College is a time to get to know new people – in more ways than one. I've spent my entire freshman year as a shoulder to cry on and the audience to share one's testimonies and revelations.
It seems that the infamous friends with benefits, or "no strings attached" relationship, is more common than the flu and that romantic relationships fall in line with folklore and fairytales. So what does it mean to be friends with benefits?
It's pretty straightforward: two friends who come to a mutual agreement to have all the physical benefits of a romantic relationship while remaining just friends and claiming a single lifestyle. This arrangement is meant to be a sense of sexual release while also having a confidante readily available to you. Sounds like a dream, right?
But is it a good idea for those of us still searching for a piece of ourselves? Who really benefits from a "friends with benefits" ordeal? Each experience varies from person to person, but there are consistent patterns that come from each relationship that can make or break such an arrangement.
There is nothing more important than loving yourself first. Self-discovery and growth are vital to our love and happiness. Sure, we all have our insecurities that can stunt our growth, but that's all a part of the journey. Loving yourself takes time – don't rush into this type of relationship without security and love in yourself, or else you'll be searching for that love in your partner who may not be able to reciprocate such feelings.
The love of your life will rarely ever come from a string of flings. Romantic relationships are a beautiful thing but don't expect to form one from your little arrangement. Either your partner is totally happy in being single and feels no need to get committed or vice versa. Whichever side you're on, it's going to make both of you uncomfortable when the feelings aren't mutual.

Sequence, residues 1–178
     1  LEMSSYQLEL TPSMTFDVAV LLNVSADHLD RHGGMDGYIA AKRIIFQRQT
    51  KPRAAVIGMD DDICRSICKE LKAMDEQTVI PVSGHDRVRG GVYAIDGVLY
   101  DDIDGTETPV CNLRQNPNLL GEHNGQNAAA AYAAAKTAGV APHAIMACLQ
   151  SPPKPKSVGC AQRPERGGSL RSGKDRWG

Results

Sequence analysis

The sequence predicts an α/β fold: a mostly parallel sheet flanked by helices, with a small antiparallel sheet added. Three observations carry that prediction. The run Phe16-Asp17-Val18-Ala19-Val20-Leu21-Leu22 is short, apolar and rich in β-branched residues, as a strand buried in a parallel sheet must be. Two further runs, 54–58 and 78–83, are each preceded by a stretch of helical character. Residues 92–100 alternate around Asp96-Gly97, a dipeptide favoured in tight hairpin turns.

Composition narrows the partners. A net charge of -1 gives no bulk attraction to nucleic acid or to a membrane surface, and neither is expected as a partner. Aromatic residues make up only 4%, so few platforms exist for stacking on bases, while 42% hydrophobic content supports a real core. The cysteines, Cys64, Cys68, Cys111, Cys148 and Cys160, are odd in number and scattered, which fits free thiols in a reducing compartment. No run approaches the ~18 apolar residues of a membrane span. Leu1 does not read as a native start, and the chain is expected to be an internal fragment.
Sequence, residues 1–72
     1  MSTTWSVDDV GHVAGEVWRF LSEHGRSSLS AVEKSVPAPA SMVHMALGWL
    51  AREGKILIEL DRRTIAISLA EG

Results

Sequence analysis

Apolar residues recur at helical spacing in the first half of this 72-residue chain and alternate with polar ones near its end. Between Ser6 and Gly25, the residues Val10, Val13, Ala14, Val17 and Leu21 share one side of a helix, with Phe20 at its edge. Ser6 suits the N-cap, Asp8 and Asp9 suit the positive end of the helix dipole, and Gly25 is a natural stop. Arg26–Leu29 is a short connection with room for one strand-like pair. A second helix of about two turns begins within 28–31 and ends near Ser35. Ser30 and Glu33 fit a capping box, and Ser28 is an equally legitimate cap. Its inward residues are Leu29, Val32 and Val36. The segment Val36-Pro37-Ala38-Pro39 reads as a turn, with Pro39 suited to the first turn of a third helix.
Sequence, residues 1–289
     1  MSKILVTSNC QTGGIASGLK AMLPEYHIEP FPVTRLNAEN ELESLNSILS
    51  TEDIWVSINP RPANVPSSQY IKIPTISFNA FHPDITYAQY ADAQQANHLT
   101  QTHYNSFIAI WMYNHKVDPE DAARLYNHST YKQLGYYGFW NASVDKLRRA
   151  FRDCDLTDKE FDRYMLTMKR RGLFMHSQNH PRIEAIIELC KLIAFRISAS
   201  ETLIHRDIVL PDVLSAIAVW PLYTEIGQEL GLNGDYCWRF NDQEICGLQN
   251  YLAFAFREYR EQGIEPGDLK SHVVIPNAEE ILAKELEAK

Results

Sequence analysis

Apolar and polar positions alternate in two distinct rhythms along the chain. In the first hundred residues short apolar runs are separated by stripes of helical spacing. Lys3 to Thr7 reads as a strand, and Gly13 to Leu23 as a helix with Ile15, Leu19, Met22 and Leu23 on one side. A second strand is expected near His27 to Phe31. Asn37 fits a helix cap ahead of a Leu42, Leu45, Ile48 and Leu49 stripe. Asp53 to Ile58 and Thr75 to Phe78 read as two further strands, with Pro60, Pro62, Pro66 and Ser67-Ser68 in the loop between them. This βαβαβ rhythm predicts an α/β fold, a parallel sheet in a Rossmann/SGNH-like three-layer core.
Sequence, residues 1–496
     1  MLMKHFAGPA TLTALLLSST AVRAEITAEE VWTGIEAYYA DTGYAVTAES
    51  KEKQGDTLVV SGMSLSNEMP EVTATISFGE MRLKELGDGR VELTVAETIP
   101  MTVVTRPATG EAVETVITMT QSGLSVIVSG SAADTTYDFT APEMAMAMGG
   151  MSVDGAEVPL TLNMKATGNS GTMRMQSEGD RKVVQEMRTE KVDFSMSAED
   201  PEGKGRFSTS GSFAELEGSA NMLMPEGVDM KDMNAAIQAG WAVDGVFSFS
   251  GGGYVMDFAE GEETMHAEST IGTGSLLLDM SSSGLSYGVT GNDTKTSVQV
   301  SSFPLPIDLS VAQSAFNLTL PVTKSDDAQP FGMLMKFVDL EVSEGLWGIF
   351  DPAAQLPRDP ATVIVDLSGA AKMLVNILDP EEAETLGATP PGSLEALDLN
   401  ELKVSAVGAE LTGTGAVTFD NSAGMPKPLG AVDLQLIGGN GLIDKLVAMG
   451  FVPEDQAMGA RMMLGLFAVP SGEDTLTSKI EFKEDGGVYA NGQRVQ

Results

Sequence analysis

This sort of relationship is in muddy waters, too. You're more than friends but not entirely lovers, so no one really knows what can and cannot be said or done. You two explore the most intimate parts of each other's bodies, but outside of the bedroom, they don't claim you. They might even confide in you that they have feelings for someone else. It can really tug at even the most confident of people. Your need for physical pleasure is not as important as your self-confidence and your feelings in the long run.
Another thing to consider is time. These kinds of relationships don't last for very long, and for a specific reason. After a while, someone begins to lose interest in keeping up with the friendship aspect and becomes so consumed in the sexual gratification that they lose all respect and value for the other person.
Friends with benefits are a part of the young adult culture and experiences do vary, but if you do find yourself on the doorsteps of this opportunity, keep a few things in mind:
Have confidence in yourself and love yourself, because if you get into this sort of relationship prematurely, you'll be left feeling ruined.
Don't be afraid to just get up and leave the moment you feel lost in respect for yourself. And if you feel that one of you have begun to develop feelings, feel free to discuss it with one another. If this issue can't be resolved, just leave.
Although this is becoming increasingly popular among the masses, it's not designed for everyone, and it's OK to not get involved in one.